Bill Hoffman’s Mark on Artistic, Gay, and Jewish Life Caffe Cino pioneer, playwright of Broadway’s first AIDS story, librettist was 78 ator, Beaumarchais, and the fabled Marie Antoinette, the ghost of whom Beaumarchais’ ghost is in love with. The at-once historical and magical tale is deftly constructed around Beaumarchais’ lesser-known sequel to these plays, “La Mere Coupable,” which takes place in the throes of the French Revolution that the earlier plays take place Courtesy Gay City News on the cusp of. William M. Hoffman, 1939-2017. So long as there will be opera, it’s a Versailles,” the opera he co-created certainty that “Ghosts of Versailles” with his lifelong friend and collaborator will find an enduring place for itself composer John Corigliano. One of the alongside “The Barber of Seville” and most prestigious events in American “The Marriage of Figaro.” Though it operatic history, this very grand opera hasn’t happened as such yet, it’s an was a world premiere commission by ideal triology project for future directhe Metropolitan Opera to mark the tors and opera companies. A “Figaro” cycle, like the “Ring” cycle. 100th anniversary of the company. In a life of contributions as rich Still early in her career, Renée Fleming, now retiring from the opera and varied as Bill’s, this remembrance stage, played the co-starring role of will perforce omit much. But mention Countess Almaviva. The opera recaps, should also be made here of the work comments on, and develops the stories he did on restoring the reputation and of some of opera’s most famous and place of the librettist as co-creator. beloved characters — that jack of all Hoffman felt that just as Da Ponte is arts and trades (and hearts) Figaro recognized and celebrated as the coand those paragons (and parodies) creator of Mozart’s operas, so should of nobility, the Almavivas. They are his own contribution be fully recogthe protagonists of two of opera his- nized, a co-equality likewise champitory’s most famous and beloved works, oned by composer Corigliano. It was Mozart’s “The Marriage of Figaro” an uphill battle he was never to win, at and Rossini’s “The Barber of Seville.” least not in our own times and in more “Ghosts” is also the story of their cre- traditional operatic venues. Bill went on to write and revise other plays, many of them with gay themes, one of which, “Cornbury,” was an adaptation of an earlier play about the mythic first governor of New York who was known to have cross-dressed. Panoramically, Bill recreated the early New York of the Dutch, Queen Anne, and the Indian wars. The political insights are as endless as the humor. At various points, he hoped to make the play into a musical, which tweaked the interest of Hal Prince. It’s hard to imagine another story that could so sweepingly recreate the early history of TV’S LONGEST RUNNING LGBT NEWS PROGRAM New York. Thursdays at 11 PM on Spectrum 34 &1995 HD, RCN 82, FiOS 33 There were many other projects, Video & Podcast online at www.gayusatv.org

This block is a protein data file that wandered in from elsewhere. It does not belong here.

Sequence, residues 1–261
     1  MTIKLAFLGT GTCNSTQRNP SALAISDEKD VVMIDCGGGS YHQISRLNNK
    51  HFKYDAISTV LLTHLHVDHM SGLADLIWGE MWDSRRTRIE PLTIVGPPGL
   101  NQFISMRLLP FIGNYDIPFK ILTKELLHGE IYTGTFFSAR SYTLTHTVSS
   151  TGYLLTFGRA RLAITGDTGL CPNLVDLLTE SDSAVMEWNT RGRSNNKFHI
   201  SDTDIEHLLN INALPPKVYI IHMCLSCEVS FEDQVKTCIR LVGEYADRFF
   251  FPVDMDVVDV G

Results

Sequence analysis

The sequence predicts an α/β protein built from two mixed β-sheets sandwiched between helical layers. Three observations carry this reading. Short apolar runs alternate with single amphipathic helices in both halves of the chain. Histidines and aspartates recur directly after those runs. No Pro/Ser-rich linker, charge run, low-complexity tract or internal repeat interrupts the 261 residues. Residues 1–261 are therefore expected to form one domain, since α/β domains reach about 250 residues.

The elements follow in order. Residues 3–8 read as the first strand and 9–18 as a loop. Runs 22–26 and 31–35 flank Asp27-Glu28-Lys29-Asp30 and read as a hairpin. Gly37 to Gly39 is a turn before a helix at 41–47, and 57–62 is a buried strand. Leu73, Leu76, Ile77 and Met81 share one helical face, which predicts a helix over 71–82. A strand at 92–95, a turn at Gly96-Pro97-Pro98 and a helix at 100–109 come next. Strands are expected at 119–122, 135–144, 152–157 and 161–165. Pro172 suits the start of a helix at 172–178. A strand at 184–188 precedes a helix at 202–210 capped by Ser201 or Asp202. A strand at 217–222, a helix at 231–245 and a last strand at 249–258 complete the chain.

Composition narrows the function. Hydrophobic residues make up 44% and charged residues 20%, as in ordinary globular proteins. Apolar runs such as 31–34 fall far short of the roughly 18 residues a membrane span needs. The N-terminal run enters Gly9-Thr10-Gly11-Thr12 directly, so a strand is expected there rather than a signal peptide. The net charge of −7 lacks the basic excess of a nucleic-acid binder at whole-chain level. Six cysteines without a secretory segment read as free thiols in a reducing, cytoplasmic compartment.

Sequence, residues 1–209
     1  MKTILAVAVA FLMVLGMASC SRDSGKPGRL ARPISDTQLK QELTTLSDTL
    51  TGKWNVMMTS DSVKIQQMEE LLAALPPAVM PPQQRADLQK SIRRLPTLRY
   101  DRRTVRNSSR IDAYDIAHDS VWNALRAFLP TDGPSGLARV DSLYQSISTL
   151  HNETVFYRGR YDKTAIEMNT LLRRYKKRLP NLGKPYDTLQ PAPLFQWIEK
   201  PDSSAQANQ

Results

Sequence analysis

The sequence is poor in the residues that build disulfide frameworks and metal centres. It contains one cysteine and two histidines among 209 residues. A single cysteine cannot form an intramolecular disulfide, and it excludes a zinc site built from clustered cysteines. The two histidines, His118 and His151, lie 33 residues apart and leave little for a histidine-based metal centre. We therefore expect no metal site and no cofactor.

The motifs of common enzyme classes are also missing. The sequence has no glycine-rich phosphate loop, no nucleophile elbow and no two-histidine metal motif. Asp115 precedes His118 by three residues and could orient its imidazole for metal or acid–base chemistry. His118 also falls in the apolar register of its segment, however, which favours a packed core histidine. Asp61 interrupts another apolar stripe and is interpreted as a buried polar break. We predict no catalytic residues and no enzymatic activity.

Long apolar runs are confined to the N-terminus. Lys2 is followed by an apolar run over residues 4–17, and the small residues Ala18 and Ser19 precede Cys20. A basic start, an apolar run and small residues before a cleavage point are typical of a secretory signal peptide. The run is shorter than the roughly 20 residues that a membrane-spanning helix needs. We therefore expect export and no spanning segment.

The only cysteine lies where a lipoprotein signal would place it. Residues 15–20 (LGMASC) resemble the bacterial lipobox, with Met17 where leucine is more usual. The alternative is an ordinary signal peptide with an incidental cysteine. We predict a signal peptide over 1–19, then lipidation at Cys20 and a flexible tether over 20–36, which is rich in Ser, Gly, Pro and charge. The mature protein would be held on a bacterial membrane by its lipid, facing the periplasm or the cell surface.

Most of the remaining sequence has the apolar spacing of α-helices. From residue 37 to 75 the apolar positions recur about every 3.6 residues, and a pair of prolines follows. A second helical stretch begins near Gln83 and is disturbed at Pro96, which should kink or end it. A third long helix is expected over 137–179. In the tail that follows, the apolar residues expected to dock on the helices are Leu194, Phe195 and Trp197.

BY LAWRENCE D. MASS William M. Hoffman, who died at age 78 on April 29, was an important and beloved figure in at least three communities: artistic, gay, and Jewish. In each, he left an indelible mark. A pioneer of the precious gems of gay street theater that came together in an anthology he edited, “Gay Plays,” Hoffman, a native New Yorker, was a leading light of Greenwich Village’s legendary Caffe Cino. As a playwright, he is best known as the author of “As Is.” In 1985, it became the first Broadway play about AIDS, following Robert Chesley’s Off-Off Broadway “Stray Dog Story” and preceding the premiere of Larry Kramer’s “The Normal Heart.” “As Is” was a hit and is widely credited, together with “The Normal Heart,” for creating greater public awareness of AIDS and its impact on our lives and times. Following its run on Broadway, “As Is” became a film starring Colleen Dewhurst as the AIDS hospice worker. My eyes still swell with tears when I recall the coup de théâtre that concludes the play. Despite harsh condemnation of homosexuality by the Catholic Church, here was a nun whose compassion for humanity leads her to share the most deeply personal ritual of her charge, a gay man dying of AIDS. Reflecting on their last exchange, she lifts up her hands to reveal her nails, painted red. It was one of those moments that would mark William M. Hoffman as a master of theater, art, and the human heart. Perhaps the pinnacle of Hoffman’s achievement was “The Ghosts of